General Assembly Fourth Week February 18 - 22

Introduction

There were some big things that happened this week in the Legislature, but the biggest thing—in my opinion—was an email I received about broadband access. The Kentucky Wired Initiative is Kentucky’s effort to bring broadband access to rural Kentucky. The project has huge implications for economic development and rural prosperity, but the project is mired in cost overruns and complaints. Urban areas have access to high-speed internet while rural areas struggle. In 2013, The Center for Business and Economic Research noted that only 8% of Kentuckians have high-speed internet when compared to the U.S. average of 37%.

Kentucky Auditor Critical

Kentucky Auditor Mike Harmon released a report critical of the Kentucky Wired project. The auditor projected that Kentucky taxpayers will be on the hook for 1.5 billion over the next 30 years. And costs are running 35% over the original estimate.

A 2018 annual report stated that 618 miles of fiber had been deployed, but the original project—forecast to be completed in August of 2018—was going to take at least an additional 18 months. A recent map showed the stages of completion of the project. Notice that most of Western Kentucky remains without Kentucky Wired access.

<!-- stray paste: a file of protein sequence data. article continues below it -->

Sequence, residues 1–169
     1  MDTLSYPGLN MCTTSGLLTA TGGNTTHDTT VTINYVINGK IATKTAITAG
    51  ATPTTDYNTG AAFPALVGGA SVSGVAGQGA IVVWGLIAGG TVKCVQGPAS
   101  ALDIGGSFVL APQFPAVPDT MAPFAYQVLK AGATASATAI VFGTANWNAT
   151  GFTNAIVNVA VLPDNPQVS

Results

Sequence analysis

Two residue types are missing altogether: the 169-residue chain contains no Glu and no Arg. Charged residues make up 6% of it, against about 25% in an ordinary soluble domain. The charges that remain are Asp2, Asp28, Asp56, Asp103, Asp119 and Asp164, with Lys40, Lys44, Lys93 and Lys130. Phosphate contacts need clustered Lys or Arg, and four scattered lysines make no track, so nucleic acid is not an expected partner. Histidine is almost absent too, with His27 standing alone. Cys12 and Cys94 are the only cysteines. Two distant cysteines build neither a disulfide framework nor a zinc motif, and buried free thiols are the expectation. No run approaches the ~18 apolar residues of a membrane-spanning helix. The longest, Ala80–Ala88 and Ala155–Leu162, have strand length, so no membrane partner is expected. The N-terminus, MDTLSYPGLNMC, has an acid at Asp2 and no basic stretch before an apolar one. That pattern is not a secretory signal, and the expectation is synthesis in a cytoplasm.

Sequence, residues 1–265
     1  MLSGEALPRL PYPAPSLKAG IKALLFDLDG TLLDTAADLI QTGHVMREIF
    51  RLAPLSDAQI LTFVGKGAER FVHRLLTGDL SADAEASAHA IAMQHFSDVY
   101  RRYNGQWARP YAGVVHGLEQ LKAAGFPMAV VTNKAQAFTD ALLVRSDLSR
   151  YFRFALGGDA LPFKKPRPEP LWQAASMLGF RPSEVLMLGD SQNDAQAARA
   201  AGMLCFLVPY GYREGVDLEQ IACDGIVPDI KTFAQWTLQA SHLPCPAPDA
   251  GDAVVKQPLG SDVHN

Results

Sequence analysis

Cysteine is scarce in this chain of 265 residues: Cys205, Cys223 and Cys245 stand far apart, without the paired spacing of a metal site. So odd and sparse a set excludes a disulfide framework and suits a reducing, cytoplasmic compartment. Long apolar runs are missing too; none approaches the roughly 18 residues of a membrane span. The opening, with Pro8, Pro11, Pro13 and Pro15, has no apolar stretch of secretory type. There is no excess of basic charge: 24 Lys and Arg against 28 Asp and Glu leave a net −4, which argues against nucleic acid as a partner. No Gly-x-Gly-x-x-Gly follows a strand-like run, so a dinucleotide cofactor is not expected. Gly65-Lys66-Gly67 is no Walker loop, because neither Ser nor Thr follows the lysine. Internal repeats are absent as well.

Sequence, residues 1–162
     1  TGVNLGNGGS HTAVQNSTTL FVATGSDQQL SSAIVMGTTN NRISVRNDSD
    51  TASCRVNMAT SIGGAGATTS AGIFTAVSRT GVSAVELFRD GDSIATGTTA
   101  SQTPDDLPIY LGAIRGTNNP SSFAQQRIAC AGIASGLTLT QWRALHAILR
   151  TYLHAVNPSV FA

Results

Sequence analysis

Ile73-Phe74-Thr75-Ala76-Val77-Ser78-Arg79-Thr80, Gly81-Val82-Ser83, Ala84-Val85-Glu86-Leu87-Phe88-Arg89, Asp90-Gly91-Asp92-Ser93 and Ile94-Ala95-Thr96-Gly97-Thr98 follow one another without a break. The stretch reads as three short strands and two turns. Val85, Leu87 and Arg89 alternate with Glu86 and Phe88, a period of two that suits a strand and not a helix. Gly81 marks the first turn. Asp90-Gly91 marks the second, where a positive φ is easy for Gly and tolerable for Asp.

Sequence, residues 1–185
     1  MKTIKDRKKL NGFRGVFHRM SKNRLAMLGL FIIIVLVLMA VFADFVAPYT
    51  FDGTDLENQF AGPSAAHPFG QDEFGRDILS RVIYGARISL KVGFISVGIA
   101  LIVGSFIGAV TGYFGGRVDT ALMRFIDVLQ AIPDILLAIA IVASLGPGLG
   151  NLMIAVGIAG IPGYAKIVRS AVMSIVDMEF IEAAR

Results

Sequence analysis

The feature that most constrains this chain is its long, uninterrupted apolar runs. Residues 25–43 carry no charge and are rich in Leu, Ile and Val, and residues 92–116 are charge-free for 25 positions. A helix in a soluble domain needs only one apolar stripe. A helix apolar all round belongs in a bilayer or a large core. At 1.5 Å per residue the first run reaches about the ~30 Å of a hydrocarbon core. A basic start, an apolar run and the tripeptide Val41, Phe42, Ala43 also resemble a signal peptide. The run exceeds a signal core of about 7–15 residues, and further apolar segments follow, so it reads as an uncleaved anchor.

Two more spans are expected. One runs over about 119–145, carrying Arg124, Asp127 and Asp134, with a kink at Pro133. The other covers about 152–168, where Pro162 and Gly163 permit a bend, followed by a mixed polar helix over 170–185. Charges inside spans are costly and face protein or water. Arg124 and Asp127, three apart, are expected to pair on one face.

Kentucky Wired Project Updated as of January 9, 2019.

Kentucky Wired Project Updated as of January 9, 2019.

General Assembly Sentiments Negative

There was a “strong sentiment” among the General Assembly to kill the Kentucky Wired project. In response, on February, 21, 2019, the Chairman,Scott Brinkman, wrote a letter describing the decision to end the Kentucky Wired project as “catastrophic”. Rather than terminate the contract, Brinkman asked the General Assembly to create a fund of $110 million dollars.

Conclusion

Speaker Osborne introduced a bill authorizing $130 million in additional bonding capacity for the Kentucky Wired project. The House has yet to act on HB 509. Unless HB 509 passes, Kentucky’s broadband initiative will end. Brinkman’s letter lays out in a logical way, the repercussions of the General Assembly’s failure to act. Yet, another 110 million will be added to Kentucky’s debts in order to provide internet access in rural locations. Tough choices.

How to Reach Me

The number of bills introduced on the House floor and heard in committee will only increase in the days ahead. It is more important than ever that you stay engaged and communicate with me. You can follow bills from the Kentucky Legislature Home page (www.legislature.ky.gov) or share feedback through the Legislative Message Line at (800) 372-7181. You can e-mail me directly at rob.wiederstein@LRC.ky.gov. As always, it is my privilege to serve you!